Any time frame less than a week or two is too short to measure the output of hardworking-yet-lazy personalities. Measuring their achievements at the micro level (weekly, daily, hourly) is only going to highlight the troughs in their performance – or make you worry about their health. When you measure performance over several weeks or months, factually assessing whether they’re hitting the same goals as everyone else, then you’ll be able to judge more clearly whether this work style is a problem or not.
No Drama: Doing Nothing Does Not Mean "Doing Nothing"
The usual advice for managing lazy or poorly focused employees is to give them short-term assignments with specific deadlines, for example, complete this report by Tuesday lunchtime. This keeps the employee accountable and allows you to see regular progress on work tasks.
However, this approach does not work with overdriven-but-lazy types. Why? Because for these types, lazy doesn’t mean what you think it means, and doing nothing does not mean “doing nothing.” In fact, “nothing” may be the worst word to describe what overdriven-yet-lazy types are doing when they are at rest.
The part of the brain that’s activated during low-activity periods is plays a crucial role in creativity for these types – it helps them to generate new ideas and solve problems in a way that constant busyness does not. Fundamentally, these types need regular downtime to optimize their creative capacity. If they keep fanning the flames at pace, then eventually, the fire’s going to burn itself out.
The no drama response to managing low-activity periods is back off and stay claim. Don’t allow yourself to nag and micromanage the employee, however tempting that might be. If you need regular check ins for your own sanity (and let’s not forget the role that your personality plays in this relationship), then break a project into chunks and ask your overdriven-but-lazy employee to consult on each chunk at periodic intervals. Provide them with defined goals, but give flexibility in how they achieve those goals. That way, you both stay aligned with what’s going on, but in a way that’s loose enough to accommodate this unique style of working.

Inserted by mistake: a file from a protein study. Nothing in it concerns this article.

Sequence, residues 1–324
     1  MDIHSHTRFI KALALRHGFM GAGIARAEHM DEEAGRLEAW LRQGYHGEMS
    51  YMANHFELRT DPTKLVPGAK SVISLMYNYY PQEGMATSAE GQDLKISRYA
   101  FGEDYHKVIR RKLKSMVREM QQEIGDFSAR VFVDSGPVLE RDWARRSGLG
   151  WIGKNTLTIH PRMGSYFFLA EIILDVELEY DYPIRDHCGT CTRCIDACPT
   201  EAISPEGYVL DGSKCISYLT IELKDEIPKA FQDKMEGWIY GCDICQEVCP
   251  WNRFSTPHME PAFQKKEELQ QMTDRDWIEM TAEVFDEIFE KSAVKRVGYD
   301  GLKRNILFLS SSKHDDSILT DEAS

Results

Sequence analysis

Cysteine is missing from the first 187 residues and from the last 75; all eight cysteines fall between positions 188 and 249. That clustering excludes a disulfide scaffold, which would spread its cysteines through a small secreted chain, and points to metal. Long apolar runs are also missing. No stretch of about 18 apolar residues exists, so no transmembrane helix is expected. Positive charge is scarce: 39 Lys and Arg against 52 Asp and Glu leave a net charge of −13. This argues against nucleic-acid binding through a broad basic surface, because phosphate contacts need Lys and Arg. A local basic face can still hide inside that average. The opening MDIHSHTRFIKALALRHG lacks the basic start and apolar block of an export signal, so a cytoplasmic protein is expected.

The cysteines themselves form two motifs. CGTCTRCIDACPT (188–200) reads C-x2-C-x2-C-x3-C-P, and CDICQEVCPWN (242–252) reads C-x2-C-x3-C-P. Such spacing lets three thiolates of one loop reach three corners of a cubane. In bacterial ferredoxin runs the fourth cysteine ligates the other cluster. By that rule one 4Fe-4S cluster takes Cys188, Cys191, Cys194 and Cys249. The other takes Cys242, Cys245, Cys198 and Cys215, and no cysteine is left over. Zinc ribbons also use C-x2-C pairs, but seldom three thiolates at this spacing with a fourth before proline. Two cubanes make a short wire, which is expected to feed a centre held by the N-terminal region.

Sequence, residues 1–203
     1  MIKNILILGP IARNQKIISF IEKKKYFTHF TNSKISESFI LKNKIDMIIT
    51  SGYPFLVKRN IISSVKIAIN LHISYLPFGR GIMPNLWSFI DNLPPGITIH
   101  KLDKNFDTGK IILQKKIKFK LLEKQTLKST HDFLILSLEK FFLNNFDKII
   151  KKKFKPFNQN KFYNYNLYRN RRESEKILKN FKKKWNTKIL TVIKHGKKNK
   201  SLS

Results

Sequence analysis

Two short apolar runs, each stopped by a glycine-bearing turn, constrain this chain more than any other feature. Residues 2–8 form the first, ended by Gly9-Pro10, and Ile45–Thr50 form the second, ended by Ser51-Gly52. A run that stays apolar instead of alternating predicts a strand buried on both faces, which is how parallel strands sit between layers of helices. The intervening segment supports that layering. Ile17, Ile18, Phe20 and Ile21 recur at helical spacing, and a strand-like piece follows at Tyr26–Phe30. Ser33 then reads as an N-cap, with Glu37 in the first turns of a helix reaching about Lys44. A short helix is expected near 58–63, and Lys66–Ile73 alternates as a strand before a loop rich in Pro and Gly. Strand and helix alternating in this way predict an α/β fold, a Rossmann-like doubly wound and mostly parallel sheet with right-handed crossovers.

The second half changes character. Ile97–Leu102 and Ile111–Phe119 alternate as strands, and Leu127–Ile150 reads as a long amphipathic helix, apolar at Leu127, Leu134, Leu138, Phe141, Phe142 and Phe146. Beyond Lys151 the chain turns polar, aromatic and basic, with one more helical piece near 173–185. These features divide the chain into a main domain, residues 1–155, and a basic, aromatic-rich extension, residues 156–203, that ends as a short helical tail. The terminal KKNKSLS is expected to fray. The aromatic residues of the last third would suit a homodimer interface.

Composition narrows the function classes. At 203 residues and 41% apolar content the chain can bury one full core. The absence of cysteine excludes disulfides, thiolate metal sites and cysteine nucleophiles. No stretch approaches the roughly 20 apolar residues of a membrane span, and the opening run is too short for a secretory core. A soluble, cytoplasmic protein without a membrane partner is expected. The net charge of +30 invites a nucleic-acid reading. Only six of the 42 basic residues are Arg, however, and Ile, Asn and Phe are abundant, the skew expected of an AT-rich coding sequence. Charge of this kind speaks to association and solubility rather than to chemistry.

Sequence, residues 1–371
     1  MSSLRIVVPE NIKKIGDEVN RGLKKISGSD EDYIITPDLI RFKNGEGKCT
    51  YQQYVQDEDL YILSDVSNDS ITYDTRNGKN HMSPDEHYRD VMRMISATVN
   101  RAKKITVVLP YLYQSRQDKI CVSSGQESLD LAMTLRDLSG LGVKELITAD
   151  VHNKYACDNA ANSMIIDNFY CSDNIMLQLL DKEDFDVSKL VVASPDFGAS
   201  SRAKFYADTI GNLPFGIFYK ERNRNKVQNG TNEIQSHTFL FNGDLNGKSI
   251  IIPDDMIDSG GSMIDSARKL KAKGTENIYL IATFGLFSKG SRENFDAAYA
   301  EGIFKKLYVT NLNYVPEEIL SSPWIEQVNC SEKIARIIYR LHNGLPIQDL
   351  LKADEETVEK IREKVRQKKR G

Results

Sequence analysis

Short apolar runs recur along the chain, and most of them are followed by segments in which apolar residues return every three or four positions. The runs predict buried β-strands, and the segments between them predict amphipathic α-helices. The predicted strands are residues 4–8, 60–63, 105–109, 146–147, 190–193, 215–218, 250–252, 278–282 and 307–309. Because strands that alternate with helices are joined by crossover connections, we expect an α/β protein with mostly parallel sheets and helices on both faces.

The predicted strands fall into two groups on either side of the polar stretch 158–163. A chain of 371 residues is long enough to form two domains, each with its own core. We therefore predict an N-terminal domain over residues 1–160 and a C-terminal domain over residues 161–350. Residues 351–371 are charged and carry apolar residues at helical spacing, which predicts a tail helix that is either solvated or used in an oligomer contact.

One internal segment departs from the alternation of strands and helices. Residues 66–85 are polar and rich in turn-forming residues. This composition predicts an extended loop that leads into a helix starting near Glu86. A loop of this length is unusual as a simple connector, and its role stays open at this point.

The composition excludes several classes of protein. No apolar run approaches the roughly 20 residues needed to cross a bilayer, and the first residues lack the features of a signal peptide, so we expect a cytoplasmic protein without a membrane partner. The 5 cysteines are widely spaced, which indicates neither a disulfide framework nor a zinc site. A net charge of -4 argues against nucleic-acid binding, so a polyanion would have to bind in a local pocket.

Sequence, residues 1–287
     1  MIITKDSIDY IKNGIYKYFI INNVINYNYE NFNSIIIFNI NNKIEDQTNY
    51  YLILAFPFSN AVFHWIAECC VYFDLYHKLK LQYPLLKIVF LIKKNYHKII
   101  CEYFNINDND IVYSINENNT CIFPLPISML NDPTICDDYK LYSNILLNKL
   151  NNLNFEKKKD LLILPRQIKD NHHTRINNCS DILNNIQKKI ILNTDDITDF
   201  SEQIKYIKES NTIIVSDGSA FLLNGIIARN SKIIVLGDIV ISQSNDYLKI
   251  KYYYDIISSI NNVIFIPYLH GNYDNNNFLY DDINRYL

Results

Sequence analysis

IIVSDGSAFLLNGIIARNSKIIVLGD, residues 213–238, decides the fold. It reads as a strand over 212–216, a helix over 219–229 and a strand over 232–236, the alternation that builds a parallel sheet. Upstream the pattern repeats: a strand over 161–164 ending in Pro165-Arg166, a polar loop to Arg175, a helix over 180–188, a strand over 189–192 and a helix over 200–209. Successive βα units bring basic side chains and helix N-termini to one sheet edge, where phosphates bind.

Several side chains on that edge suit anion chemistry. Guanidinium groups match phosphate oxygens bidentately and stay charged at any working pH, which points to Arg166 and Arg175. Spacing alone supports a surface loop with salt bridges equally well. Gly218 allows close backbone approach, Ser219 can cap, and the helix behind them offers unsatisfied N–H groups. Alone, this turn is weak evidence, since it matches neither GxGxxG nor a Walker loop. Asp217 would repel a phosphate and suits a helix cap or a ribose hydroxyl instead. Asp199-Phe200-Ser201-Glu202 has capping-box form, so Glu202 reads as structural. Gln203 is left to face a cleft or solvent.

When to Hit the Panic Button
In the right environment, overdriven-but-lazy employees tend to be very high performers who bring tons of energy and fresh ideas to the team. In the wrong environment, they can become disruptive and high maintenance. Examples include:
Everything is urgent! When the “lazy” hours outnumber the “driven” hours, or when the line between “resting” time and “doing” time is blurred, things can get messy fast. That’s when deadlines start slipping. The rest of the team might have to drop everything to help this employee out because the project is falling behind schedule.
More drama than a soap opera. Overdriven-yet-lazy employees do not intentionally create drama, but their work style can inadvertently stir the pot. Co-workers may notice when their colleague is slacking off and get all whipped up about it. They’re much less likely to notice the times when their super-talented colleague is burning the midnight oil, working far harder than is necessary, and making things happen. If you don’t manage perceptions properly, then you could be in for a world of conflict.
Stress and burnout. It’s easy to focus on the troughs in performance but don’t forget, overdriven people are prone to stress and burnout if they’re not balancing high-intensity periods with periods of rest. You’ll need to watch closely and mandate these employees to take the some regular down time, because otherwise they might overload themselves and burn out.
The bottom line here is that many super talented folks can exhibit behaviors that seem undesirable. It’s how you respond that matters. Figure out whether an “all or nothing” workstyle is actually a problem before taking reasonable and appropriate steps to manage it.